It is argued on behalf of the appellee that the consideration expressed in this contract — the salary to be paid, the association with the great number of patients and the knowledge to be gained in a modern dental establishment — was a serious consideration, and was not out of proportion to the obligation imposed upon Dr. Haber. As a matter of fact, the salary of $60 per week was the consideration for which Dr. Haber gave his services, and the best evidence that it was nothing more than a fair consideration for his services is the fact that the salary was increased one-third — that is, to $80 a week — nine months after the contract was signed. The association with the patients coming under Dr. Haber's care, and the knowledge to be gained, were unavoidable incidents of the employment. It is true that Dr. Blanchard could not abrogate the contract, and impose the penalty upon Dr. Haber, without giving him thirty days' notice and paying him the salary during the thirty days; but the compensation for that obligation on the part of Dr. Blanchard was the service to be rendered by Dr. Haber during the thirty days.
It is conceded in appellee's brief that, if the provisions of the Civil Code on this subject went no further than to declare what is declared in articles 2024 and 2034, the appellant would be justified in his contention that the obligation attempted to be imposed upon him under the last paragraph of this contract is null for being "contracted on a potestative condition," as the Code says. But appellee's counsel invoke, in support of the contract, article 2035, which provides:
"The last preceding article  is limited to potestative conditions, which make the obligation depend solely on the exercise of the obligor's will; but if the condition be, that the obligor shall do or not do a certain act, although the doing or not doing of the act depends on the will of the obligor, yet the obligation depending on such condition, is not void."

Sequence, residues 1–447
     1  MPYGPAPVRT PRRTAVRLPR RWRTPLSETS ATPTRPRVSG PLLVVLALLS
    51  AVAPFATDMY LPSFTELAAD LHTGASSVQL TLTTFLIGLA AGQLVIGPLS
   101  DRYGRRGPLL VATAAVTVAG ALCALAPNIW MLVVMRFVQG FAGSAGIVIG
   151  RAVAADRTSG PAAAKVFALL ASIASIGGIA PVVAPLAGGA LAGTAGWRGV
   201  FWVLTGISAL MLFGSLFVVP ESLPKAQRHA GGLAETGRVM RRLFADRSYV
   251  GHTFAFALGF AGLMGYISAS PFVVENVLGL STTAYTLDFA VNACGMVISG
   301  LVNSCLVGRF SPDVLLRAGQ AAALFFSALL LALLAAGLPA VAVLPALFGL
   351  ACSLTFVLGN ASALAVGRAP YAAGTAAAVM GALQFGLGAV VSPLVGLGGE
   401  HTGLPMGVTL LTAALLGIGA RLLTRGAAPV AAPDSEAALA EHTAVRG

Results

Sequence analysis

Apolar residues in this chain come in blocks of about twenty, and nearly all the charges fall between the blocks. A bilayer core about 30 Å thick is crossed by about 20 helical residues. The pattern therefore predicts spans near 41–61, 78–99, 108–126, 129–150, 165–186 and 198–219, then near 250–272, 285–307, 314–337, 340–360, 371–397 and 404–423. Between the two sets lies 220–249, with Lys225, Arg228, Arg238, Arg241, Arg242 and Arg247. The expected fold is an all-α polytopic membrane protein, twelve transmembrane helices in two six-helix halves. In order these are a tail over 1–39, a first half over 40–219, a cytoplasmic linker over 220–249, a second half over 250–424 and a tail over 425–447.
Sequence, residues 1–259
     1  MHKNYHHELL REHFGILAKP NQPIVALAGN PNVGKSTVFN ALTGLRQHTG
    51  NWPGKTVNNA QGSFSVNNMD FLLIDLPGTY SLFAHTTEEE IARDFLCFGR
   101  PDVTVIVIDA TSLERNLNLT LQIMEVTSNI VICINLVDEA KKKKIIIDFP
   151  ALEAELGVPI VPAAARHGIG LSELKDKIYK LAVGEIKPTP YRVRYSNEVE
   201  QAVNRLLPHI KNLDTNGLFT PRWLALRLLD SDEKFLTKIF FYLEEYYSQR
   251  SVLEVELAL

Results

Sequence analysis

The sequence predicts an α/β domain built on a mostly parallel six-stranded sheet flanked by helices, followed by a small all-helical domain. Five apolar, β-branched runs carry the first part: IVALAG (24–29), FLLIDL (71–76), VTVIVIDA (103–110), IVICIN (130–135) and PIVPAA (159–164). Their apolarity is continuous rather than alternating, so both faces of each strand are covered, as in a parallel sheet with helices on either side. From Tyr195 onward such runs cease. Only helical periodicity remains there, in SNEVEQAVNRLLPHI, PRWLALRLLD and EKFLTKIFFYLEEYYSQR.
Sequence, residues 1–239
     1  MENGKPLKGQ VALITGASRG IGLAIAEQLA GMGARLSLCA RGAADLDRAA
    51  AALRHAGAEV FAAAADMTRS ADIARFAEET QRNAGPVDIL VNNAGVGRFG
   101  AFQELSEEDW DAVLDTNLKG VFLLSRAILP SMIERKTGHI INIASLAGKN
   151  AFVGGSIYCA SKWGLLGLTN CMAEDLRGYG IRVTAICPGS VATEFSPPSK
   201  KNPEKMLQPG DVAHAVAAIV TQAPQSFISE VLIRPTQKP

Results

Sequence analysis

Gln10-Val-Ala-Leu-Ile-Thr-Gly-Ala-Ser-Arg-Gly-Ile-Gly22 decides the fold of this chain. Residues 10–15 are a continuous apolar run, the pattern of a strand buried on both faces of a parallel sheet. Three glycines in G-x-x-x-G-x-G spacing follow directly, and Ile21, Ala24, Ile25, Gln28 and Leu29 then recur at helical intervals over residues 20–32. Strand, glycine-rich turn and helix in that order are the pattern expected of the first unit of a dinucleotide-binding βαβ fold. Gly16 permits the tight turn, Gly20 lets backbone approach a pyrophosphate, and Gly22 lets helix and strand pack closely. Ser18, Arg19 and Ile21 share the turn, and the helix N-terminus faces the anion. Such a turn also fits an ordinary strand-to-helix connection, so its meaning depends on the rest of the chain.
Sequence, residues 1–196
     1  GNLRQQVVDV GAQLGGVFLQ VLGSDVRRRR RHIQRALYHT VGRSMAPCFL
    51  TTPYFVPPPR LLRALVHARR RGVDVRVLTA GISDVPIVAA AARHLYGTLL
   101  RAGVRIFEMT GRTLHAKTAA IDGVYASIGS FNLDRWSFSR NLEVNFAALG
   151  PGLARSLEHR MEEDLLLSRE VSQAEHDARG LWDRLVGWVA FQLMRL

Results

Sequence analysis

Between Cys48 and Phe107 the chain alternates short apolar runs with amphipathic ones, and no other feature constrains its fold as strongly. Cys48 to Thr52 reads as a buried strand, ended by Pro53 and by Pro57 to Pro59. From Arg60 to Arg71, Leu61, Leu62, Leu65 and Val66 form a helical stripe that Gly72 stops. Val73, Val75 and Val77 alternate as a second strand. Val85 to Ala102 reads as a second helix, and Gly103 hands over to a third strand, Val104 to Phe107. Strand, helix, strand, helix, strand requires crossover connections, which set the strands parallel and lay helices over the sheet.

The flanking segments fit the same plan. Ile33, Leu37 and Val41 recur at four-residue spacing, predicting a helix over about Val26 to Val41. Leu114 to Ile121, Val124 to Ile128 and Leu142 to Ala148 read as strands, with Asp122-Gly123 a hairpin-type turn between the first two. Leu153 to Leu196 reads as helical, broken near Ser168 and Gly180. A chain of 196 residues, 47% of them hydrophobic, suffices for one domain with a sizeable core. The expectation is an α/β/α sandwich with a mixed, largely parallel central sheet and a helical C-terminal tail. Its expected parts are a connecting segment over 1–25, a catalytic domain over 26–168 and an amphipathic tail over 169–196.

That article was not taken from the French Code, and its meaning is not quite plain, or easy to reconcile with articles 2024 and 2034. It has been decided, however, that article 2035 means simply this, that, where a conditional obligation to pay a certain price depends upon how the obligor may exercise an option to do or not to do a certain thing, the contract is not null if a serious consideration has been given or reciprocal obligations are incurred. See Blanks v. Lephiew, 132 La. 545, 61 So. 615, referring to an obligation to pay a stipulated price per thousand feet of timber, which the obligor had the right either to cut and remove or not to cut and remove, within a given time; and Saunders v. Busch-Everett Co., 138 La. 1049, 71 So. 153, referring to an obligation to pay a stipulated rental or royalty for the privilege of drilling for oil or other minerals within a given time.
It is contended finally, on behalf of the appellee, that, if the contract was originally null for being dependent upon a potestative condition, it became valid when it was partly executed. The answer is that nothing was ever done in consideration or in execution of that part of the contract which was null. The only obligations of the contract that were partly executed were those which related to the contract of employment — that is to say, the obligation of Dr. Haber to perform the services and the obligation of Dr. Blanchard to pay for the services — which obligations were mutually compensated, as far as they were performed.
The judgment appealed from is annulled, the writ of injunction is dissolved, the exception of no cause or right of action is sustained, and the plaintiff's suit is dismissed and his demand rejected at his cost.